Interview: Bruce Riedel

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Interview: Bruce Riedel

Bruce Riedel on the forgotten crisis of the JFK administration.

Interview: Bruce Riedel
Credit: The Brookings Institution

John F Kennedy was U.S. president for slightly less than three years, from 1961 to 1963. During this brief time he faced two grave political crises. The first was the Cuban missile crisis, in which the two leading powers of the day – the United States and the Soviet Union – came to the brink of war over the issue of the deployment of ballistic missiles to Cuba.

The second crisis was the Sino-Indian war in 1962. Very few know of the role played by America to defuse the crisis and how Washington stood by India in its hour of need. The crisis brought New Delhi and Washington closer together. Indeed, the two countries were on the verge of signing a strategic military alliance, until the effort was derailed with Kennedy’s assassination. India subsequently drifted away to become a strategic partner of the Soviet Russia.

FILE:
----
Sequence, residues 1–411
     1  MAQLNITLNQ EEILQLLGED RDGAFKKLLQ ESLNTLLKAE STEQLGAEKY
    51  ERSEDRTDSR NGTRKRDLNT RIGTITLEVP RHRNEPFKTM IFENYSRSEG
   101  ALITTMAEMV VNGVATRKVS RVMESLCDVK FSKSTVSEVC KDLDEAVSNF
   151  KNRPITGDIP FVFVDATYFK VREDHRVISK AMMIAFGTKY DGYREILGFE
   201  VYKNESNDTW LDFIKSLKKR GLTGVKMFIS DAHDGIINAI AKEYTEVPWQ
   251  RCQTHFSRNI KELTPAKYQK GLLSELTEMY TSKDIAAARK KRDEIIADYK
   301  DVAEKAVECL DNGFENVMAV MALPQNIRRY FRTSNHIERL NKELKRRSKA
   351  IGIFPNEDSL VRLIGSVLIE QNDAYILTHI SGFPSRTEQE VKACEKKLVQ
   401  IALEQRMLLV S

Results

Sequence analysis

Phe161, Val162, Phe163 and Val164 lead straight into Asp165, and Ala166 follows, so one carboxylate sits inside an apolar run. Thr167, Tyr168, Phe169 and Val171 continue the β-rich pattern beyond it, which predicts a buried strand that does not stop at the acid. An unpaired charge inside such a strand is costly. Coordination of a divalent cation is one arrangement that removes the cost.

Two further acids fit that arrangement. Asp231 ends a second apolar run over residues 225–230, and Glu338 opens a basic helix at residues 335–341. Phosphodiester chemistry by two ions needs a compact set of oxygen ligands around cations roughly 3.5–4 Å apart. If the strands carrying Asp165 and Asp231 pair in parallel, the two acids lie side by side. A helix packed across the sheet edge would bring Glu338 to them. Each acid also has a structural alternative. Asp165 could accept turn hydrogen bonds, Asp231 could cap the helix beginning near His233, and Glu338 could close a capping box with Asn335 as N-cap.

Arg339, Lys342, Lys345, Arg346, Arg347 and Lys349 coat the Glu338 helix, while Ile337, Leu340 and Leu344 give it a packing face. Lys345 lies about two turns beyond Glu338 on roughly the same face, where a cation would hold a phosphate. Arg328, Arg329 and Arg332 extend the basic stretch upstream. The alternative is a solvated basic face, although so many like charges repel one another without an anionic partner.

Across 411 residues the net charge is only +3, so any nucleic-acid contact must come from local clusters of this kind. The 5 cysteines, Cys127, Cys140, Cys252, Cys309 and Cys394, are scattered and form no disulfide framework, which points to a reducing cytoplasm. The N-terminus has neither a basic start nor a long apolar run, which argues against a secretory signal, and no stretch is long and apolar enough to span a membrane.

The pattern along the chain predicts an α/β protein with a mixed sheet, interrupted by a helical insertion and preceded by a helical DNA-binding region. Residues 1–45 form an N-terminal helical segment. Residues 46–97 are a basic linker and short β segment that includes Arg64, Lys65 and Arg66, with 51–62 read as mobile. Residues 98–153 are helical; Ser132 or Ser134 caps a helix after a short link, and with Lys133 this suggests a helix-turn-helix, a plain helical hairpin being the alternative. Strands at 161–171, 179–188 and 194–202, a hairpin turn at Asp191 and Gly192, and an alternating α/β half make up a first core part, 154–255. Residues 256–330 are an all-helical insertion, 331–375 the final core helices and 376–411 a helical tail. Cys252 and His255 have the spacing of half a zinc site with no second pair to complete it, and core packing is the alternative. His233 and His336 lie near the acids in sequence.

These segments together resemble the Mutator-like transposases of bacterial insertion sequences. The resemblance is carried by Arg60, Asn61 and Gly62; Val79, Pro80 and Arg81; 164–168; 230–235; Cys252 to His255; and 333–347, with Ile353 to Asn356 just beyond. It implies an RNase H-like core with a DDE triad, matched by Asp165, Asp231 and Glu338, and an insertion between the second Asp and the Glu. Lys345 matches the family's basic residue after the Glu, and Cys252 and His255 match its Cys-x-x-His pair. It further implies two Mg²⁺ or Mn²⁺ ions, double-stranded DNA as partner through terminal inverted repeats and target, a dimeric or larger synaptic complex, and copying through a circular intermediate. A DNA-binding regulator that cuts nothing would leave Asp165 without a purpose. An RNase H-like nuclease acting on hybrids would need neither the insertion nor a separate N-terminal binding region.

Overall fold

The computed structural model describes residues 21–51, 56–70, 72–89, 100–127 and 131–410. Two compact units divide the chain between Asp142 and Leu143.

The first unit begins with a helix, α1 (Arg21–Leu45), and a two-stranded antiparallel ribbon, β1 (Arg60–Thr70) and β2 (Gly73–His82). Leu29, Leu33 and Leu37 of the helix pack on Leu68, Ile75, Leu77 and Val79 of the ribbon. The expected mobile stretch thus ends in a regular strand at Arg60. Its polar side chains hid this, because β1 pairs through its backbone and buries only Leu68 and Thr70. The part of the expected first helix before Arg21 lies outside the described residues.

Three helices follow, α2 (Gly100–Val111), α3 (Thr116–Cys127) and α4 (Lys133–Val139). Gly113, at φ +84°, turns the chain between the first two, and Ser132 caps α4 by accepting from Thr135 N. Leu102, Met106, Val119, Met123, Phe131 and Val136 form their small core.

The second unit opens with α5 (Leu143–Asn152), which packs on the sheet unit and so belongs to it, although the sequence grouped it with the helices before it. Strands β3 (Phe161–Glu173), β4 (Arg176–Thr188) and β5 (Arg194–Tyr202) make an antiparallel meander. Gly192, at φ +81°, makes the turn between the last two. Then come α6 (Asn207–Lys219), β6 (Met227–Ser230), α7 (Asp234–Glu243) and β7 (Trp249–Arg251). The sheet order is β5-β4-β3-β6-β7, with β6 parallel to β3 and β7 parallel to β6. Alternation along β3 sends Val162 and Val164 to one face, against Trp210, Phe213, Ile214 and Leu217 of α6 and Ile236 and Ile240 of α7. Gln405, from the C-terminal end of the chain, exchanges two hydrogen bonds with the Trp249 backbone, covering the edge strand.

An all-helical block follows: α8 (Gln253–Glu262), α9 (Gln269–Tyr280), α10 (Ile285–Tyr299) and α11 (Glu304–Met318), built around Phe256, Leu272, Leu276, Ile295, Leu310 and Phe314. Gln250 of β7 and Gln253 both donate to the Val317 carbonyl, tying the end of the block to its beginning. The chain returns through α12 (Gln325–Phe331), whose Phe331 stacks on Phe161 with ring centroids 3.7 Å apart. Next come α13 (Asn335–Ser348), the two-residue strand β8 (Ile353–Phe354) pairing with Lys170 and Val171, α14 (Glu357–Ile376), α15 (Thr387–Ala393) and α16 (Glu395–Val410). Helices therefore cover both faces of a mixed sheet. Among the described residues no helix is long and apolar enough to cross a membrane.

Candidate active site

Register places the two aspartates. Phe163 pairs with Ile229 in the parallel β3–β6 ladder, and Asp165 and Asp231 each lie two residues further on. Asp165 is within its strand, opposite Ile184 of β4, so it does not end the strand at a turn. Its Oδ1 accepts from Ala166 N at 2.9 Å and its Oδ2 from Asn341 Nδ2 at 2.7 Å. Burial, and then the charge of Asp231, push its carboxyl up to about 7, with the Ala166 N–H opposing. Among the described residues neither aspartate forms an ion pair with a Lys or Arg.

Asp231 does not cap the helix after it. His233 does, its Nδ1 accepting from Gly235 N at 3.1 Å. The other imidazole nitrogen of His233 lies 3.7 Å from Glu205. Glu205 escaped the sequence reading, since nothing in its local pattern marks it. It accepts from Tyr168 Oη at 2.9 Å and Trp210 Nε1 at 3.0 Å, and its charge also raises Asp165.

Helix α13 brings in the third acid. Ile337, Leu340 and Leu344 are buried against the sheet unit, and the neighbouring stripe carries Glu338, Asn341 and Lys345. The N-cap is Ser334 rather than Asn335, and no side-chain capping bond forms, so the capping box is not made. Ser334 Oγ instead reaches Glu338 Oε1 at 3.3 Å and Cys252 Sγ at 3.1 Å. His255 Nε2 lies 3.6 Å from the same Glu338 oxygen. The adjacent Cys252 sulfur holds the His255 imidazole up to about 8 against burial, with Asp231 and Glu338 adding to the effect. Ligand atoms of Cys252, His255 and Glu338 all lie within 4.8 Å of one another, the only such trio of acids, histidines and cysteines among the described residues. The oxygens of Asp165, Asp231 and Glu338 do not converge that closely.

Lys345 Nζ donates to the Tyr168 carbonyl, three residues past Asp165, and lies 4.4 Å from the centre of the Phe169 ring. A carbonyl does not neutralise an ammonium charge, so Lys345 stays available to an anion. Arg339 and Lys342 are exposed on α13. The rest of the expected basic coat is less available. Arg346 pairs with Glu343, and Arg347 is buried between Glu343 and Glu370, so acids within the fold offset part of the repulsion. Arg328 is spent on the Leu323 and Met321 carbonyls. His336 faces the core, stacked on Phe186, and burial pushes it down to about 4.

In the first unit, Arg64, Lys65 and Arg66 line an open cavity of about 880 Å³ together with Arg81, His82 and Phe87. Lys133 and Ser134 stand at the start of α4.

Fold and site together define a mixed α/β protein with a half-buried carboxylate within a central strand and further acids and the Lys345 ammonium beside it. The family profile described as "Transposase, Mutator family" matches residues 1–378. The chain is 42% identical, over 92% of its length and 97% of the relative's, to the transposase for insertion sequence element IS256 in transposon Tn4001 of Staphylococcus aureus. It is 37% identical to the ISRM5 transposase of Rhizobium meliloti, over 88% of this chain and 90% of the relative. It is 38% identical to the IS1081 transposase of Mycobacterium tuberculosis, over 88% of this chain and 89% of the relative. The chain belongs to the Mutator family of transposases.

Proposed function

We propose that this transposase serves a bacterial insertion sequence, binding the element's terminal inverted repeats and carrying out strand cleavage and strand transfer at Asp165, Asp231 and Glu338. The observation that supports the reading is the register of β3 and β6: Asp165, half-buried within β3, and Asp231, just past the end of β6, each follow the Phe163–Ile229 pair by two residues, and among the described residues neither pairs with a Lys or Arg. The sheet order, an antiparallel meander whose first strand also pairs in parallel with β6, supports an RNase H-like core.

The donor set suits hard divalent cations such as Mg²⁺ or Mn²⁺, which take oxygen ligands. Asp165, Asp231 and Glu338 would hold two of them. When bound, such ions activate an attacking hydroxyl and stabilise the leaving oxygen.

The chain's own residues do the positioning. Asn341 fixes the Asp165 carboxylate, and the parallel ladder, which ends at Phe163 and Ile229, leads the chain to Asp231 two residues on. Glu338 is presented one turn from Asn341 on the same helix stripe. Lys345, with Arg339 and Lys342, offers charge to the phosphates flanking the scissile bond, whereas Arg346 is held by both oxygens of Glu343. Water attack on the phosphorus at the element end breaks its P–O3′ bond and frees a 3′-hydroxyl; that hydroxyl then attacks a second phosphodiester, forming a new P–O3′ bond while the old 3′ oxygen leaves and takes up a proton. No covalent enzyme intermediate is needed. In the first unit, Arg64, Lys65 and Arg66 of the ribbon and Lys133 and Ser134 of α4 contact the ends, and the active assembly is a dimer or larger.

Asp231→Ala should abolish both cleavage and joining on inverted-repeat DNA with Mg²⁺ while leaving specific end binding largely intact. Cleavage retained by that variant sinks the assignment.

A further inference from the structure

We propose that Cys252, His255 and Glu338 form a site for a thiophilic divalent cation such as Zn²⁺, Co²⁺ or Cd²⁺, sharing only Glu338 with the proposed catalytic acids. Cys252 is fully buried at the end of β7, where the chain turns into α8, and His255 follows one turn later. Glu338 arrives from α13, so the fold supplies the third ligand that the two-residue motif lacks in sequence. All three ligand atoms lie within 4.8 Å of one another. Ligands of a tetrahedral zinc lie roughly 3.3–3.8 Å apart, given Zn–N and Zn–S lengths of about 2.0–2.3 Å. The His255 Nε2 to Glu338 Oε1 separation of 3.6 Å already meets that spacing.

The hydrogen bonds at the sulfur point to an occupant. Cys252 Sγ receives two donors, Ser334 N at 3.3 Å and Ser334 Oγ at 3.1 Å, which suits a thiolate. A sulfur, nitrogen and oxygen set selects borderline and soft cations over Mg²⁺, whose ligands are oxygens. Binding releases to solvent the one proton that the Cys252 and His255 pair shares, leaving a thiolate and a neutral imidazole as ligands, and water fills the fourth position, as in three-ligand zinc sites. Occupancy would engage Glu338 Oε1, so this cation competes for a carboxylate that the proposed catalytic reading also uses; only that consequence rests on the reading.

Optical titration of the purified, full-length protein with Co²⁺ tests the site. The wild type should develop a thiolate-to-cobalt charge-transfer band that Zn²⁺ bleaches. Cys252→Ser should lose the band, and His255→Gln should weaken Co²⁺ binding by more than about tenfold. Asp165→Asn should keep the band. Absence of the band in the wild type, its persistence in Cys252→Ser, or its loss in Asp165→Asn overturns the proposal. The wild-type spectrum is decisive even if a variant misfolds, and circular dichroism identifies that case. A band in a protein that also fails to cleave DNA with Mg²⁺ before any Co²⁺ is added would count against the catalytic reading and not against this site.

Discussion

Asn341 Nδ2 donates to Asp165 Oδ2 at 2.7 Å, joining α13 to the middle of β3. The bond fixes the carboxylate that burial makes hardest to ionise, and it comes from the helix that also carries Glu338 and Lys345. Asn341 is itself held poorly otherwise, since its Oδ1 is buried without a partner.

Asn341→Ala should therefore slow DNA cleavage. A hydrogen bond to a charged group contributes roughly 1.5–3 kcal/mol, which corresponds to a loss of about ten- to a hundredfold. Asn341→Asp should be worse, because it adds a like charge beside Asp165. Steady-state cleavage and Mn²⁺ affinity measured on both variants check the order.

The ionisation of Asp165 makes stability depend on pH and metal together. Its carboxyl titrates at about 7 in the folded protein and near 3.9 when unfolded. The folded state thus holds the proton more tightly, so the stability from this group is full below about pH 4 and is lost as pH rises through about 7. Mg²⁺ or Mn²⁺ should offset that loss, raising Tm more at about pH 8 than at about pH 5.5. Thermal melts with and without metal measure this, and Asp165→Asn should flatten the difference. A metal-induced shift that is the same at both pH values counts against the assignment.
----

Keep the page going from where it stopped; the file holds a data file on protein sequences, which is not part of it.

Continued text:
Bruce Riedel, senior fellow and director of the Brookings Intelligence Project, lays out this underappreciated chapter of history in his latest book, JFK’s Forgotten Crisis: Tibet, the CIA, and the Sino-Indian War. The book details how Indian Prime Minister Jawaharlal Nehru panicked at China’s unexpected advance into Indian territory, desperately seeking U.S. military assistance to counter the threat. Riedel describes Kennedy’s timely response, and shows how Washington’s support for New Delhi discouraged Beijing from remaining in Indian territory.